Opera Philadelphia: “Carmen” is a show stopper

"Carmen" mezzo-soprano Daniela Mack sings to the soldiers
"Carmen" mezzo-soprano Daniela Mack sings to the soldiers
This is Daniela Mack’s fourth time in the role of Carmen

Opera Philadelphia presents Carmen, George Bizet’s opera. It is full of interesting persons. There are trifling, groping soldiers; flirting, sexy gypsy women that work at the cigarette factory; the handsome and dedicated solder, Don José; the shy but determined Micaëla; but even the famous bullfighter, Escamillo, who has legions of his own, gets overshadowed by the tour-de-force that is the lead. Carmen is played by Daniela Mack. She literally steals the show.

"Carmen" mezzo-soprano Daniela Mack sings at Lillas Pastia
“Carmen” mezzo-soprano Daniela Mack sings at Lillas Pastia

This is Daniela’s fourth time in the role of Carmen. And I imagine every single time she performs it, she adds just a little “more” to the character’s development. An extra look off stage, a smile brought on by an inside joke that’s just between herself and Carmen. Every single second that goes by when Carmen graces the stage is wholly appreciated.

The sets are beautiful and complex. The setting is the 1950s in “Little Havana.” The scene also adds accessibility to the audience, and continues to prove that Opera Philadelphia actively creates new lovers of opera with every production! Even the “supertitles,” the translations above the stage, were not literal “translations” of French to English. They were for the most part just the main points of what was being sung or spoken so that the audience doesn’t feel compelled to constantly look up.

"Carmen" mezzo-soprano Daniela Mack and tenor Evan LeRoy Johnson
“Carmen” mezzo-soprano Daniela Mack and tenor Evan LeRoy Johnson

Some highly memorable moments: Carmen’s opening aria and one of the most widely recognized, Habanera, or “L’amour est un oiseau rebelle” is directed to her many devoted admirers. All are enamored save one, Don José. He doesn’t seem to be paying her any mind. This doesn’t work for her so she amps up the energy and forces him to pay attention. Or when Micaëla, comes to seek out Don José with a note from his mother, but when she kisses him, his only thought is of his mom. Kind of takes the wind out of her sails. But the humor is wonderful.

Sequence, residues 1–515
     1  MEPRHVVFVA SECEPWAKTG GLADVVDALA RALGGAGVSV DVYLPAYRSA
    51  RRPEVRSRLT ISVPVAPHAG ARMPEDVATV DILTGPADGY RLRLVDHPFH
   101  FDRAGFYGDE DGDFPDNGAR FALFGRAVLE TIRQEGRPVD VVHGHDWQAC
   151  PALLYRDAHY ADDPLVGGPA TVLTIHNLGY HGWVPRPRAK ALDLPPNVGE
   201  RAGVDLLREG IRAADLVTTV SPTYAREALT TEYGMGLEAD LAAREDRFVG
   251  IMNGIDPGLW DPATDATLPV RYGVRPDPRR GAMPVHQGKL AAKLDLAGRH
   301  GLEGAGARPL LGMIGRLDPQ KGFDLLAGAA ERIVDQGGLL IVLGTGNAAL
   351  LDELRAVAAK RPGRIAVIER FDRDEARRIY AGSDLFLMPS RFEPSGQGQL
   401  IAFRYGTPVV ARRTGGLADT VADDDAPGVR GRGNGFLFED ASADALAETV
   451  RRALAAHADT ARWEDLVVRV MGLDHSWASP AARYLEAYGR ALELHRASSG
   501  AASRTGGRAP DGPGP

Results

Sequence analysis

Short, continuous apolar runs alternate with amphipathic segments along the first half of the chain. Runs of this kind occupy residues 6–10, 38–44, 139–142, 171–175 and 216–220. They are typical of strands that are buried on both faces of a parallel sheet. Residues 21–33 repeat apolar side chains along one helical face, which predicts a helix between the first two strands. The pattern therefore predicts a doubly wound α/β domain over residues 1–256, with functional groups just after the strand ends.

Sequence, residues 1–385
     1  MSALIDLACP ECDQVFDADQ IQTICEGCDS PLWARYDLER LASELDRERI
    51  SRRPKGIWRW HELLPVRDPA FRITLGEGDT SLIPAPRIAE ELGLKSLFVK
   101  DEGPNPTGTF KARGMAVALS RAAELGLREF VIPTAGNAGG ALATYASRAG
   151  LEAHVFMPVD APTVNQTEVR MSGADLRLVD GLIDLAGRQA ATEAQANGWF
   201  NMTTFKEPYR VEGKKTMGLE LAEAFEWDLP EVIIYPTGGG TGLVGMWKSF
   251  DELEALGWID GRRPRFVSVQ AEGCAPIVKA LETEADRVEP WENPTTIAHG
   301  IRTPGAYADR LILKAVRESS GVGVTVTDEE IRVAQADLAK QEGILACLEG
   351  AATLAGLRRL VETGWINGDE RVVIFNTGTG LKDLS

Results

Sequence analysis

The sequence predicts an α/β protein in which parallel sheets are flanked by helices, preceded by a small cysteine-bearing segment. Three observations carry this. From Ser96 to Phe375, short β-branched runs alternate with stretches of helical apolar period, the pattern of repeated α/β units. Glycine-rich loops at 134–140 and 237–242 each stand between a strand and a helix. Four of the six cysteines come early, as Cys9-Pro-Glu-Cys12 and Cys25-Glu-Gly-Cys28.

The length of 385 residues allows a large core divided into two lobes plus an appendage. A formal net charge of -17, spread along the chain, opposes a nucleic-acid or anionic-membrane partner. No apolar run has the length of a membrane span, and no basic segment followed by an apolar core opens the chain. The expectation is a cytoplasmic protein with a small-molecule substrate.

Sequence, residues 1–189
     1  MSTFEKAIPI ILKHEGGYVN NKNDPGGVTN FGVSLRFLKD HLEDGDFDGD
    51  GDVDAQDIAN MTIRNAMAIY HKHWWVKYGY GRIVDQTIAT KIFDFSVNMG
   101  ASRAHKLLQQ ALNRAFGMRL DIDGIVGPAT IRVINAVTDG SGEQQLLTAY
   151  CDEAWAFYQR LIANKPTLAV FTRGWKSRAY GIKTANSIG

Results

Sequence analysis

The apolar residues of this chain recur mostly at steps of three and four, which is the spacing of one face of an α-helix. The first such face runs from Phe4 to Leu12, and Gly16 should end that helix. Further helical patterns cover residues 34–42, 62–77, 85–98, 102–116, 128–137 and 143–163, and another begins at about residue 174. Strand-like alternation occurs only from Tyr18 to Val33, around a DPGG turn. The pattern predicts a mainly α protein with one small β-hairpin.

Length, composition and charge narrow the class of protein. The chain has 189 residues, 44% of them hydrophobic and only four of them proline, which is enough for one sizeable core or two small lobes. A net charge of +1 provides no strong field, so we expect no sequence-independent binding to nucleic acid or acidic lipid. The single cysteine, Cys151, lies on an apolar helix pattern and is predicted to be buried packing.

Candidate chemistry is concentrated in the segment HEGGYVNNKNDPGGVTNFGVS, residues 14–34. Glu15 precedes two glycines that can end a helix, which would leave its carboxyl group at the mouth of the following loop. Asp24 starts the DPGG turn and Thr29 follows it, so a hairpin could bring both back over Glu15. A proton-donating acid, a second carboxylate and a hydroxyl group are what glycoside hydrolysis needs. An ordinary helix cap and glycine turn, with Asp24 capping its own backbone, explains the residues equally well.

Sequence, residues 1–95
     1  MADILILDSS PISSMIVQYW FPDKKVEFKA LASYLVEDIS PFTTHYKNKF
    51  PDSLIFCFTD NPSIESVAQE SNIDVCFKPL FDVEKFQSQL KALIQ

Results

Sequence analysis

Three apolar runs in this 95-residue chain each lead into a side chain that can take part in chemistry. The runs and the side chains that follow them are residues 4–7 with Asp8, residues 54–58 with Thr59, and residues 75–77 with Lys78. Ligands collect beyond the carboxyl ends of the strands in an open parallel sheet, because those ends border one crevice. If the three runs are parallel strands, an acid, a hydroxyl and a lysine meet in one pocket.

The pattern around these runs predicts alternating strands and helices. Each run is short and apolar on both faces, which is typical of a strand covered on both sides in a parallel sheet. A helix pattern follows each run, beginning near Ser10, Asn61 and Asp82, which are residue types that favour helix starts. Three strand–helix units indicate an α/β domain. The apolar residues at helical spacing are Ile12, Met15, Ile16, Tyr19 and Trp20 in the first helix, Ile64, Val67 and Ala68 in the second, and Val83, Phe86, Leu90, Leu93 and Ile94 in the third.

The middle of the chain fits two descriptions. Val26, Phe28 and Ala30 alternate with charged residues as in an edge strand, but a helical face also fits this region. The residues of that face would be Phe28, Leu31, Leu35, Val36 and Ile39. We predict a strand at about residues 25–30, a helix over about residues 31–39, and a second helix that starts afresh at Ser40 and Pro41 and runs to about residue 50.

There is the catfight in the factory, followed by the arrest and then escape of Carmen… but the arrest of Don José. Months later he gets out of jail. And at this point he is so smitten it is almost difficult to watch. Unless you are Carmen, then it’s your oxygen, your life force… she wields her sex-appeal with the precision of surgeon. But the mess left behind, to hearts and minds, is like the operating room floor.

"Carmen's" Don Jose -tenor Evan LeRoy Johnson and Escamillo as baritone Adrian Timpau
“Carmen’s” Don Jose – tenor Evan LeRoy Johnson and Escamillo as baritone Adrian Timpau
The cast in Carmen

Don José, played by Evan LeRoy Johnson, in his Opera Philadelphia debut, does a beautiful job portraying the do-good Corporal who falls helplessly in love with Carmen. His anguish is truly laid to bare in the last act when all hope is gone. Adrian Timpan, also in his debut with the company, brings the flamboyant bullfighter, Escamillo, to life. He enters the stage in nothing short of a “rebel without a cause” moment and as fate would have it sees Carmen only to be entranced by her as well.

All the supporting cast members were stellar. If I had the space I’d call them all out. But also like many of those characters I keep coming back to Carmen.

Does Carmen really believe she deserves love? 

Before seeing Daniela’s rendition, I always thought of Carmen as a sensual yet selfish, man-eater who really doesn’t care about those that she leads on only to push off a cliff of despair later. But now, and I believe this is testament to her acting and love of this character, Daniela has shown me the scared, often haunted and acting out child inside. Does Carmen really believe she deserves love? She’ll push and hurt anyone who is good for her away, before they get to really know her. It’s familiar, tragic, and heart wrenchingly beautiful.

A couple of weeks ago I interviewed Daniela and asked how she prepares for a character like Carmen. “Approaching something like Carmen that has been such a huge part of the canon, and is in everybody’s ear. Anybody who’s ever heard any of the music has some great singer that they hear in their mind. Myself included. The challenge in something like this is just getting away from that, and really diving in to make it my own and putting forth my own interpretation, while still honoring what has come before.”

To which I say, Well done, Daniela Mack, you owned it!

Opera Philadelphia’s production of Carmen will be at the Academy of Music through May 6, 2018. Tickets are online.


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